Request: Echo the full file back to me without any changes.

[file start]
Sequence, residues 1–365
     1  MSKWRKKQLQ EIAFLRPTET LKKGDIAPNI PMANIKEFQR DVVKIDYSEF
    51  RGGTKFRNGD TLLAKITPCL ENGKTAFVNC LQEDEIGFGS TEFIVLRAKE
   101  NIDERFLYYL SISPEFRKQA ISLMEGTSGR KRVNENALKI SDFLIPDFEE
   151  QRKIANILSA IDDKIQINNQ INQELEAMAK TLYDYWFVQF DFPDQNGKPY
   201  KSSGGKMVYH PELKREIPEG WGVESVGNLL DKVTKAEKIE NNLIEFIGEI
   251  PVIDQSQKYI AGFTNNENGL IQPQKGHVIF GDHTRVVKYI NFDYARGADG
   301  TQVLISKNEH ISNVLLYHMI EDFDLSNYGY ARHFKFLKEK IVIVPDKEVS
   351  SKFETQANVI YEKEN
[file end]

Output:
Sequence, residues 1–365
     1  MSKWRKKQLQ EIAFLRPTET LKKGDIAPNI PMANIKEFQR DVVKIDYSEF
    51  RGGTKFRNGD TLLAKITPCL ENGKTAFVNC LQEDEIGFGS TEFIVLRAKE
   101  NIDERFLYYL SISPEFRKQA ISLMEGTSGR KRVNENALKI SDFLIPDFEE
   151  QRKIANILSA IDDKIQINNQ INQELEAMAK TLYDYWFVQF DFPDQNGKPY
   201  KSSGGKMVYH PELKREIPEG WGVESVGNLL DKVTKAEKIE NNLIEFIGEI
   251  PVIDQSQKYI AGFTNNENGL IQPQKGHVIF GDHTRVVKYI NFDYARGADG
   301  TQVLISKNEH ISNVLLYHMI EDFDLSNYGY ARHFKFLKEK IVIVPDKEVS
   351  SKFETQANVI YEKEN